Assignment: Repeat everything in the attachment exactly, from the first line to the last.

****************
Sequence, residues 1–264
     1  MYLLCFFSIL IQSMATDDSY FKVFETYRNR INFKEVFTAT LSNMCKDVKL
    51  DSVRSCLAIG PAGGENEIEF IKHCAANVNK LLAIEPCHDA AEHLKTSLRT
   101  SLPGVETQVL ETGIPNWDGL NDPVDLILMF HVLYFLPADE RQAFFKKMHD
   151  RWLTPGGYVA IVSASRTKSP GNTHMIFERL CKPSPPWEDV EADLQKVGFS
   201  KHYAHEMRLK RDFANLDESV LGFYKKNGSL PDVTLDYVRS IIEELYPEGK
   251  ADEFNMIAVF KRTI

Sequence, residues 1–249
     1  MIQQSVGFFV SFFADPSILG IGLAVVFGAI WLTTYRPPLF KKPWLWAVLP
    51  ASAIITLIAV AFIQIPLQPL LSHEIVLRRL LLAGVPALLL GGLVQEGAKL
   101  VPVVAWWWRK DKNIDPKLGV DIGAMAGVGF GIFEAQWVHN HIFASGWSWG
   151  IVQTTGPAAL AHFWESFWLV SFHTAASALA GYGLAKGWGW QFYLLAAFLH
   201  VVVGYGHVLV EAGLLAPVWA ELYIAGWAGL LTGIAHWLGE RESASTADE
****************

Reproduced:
Sequence, residues 1–264
     1  MYLLCFFSIL IQSMATDDSY FKVFETYRNR INFKEVFTAT LSNMCKDVKL
    51  DSVRSCLAIG PAGGENEIEF IKHCAANVNK LLAIEPCHDA AEHLKTSLRT
   101  SLPGVETQVL ETGIPNWDGL NDPVDLILMF HVLYFLPADE RQAFFKKMHD
   151  RWLTPGGYVA IVSASRTKSP GNTHMIFERL CKPSPPWEDV EADLQKVGFS
   201  KHYAHEMRLK RDFANLDESV LGFYKKNGSL PDVTLDYVRS IIEELYPEGK
   251  ADEFNMIAVF KRTI

Sequence, residues 1–249
     1  MIQQSVGFFV SFFADPSILG IGLAVVFGAI WLTTYRPPLF KKPWLWAVLP
    51  ASAIITLIAV AFIQIPLQPL LSHEIVLRRL LLAGVPALLL GGLVQEGAKL
   101  VPVVAWWWRK DKNIDPKLGV DIGAMAGVGF GIFEAQWVHN HIFASGWSWG
   151  IVQTTGPAAL AHFWESFWLV SFHTAASALA GYGLAKGWGW QFYLLAAFLH
   201  VVVGYGHVLV EAGLLAPVWA ELYIAGWAGL LTGIAHWLGE RESASTADE